OOPS! Lansing has been buzzing this week about the news that a convicted felon pulled the wool over the eyes of state officials and qualified for over $9 million in tax breaks in a less-than-forthcoming way. Relax, we’re told, no money changed hands, the taxpayers were not fleeced, and the guy is in custody with an over $9 million bond placed on his head. (Talk about the punishment fitting the crime!) In the wake of this scandal, the House approved an 11-bill package this week requiring background checks, accountability and transparency in the process of awarding tax credits. The main bill bars companies from receiving abatements if officers have been convicted of certain felonies in the past 15 years. Businesses incorporated in tax haven countries and those in violation of antitrust laws also would be barred from getting credits.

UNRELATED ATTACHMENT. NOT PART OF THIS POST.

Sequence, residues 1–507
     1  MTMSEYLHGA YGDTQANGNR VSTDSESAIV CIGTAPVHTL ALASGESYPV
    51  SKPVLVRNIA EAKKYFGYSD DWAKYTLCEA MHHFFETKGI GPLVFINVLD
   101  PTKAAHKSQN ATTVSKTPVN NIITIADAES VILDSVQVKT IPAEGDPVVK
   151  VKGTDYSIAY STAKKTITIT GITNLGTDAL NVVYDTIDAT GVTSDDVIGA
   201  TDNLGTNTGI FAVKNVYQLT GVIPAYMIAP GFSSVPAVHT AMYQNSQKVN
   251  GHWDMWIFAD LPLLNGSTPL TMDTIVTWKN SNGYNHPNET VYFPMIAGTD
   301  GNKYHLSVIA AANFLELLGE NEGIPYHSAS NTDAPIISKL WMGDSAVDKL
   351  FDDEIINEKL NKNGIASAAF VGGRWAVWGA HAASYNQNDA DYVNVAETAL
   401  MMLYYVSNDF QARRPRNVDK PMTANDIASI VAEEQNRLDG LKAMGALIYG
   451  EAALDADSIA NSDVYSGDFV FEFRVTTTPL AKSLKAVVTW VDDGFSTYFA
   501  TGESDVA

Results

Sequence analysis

Targeted tax breaks given out to industries, companies, or individuals are part of the economic development game that the state uses to attract investment and allegedly create jobs. This is in direct contrast however, to what both liberal and conservative economists agree is the “fairest” way to tax, namely to have a low rate and a broad base. Instead, targeted tax cuts erode the tax base and drive up the tax burden for everyone else. I have been fighting, often unsuccessfully, to make the state stop doling out these favors especially considering the many important funding priorities that are being left behind. It is a tough battle but one I intend to keep up. Maybe the real crime was allowing the state to offer these corporate tax giveaways in the first place.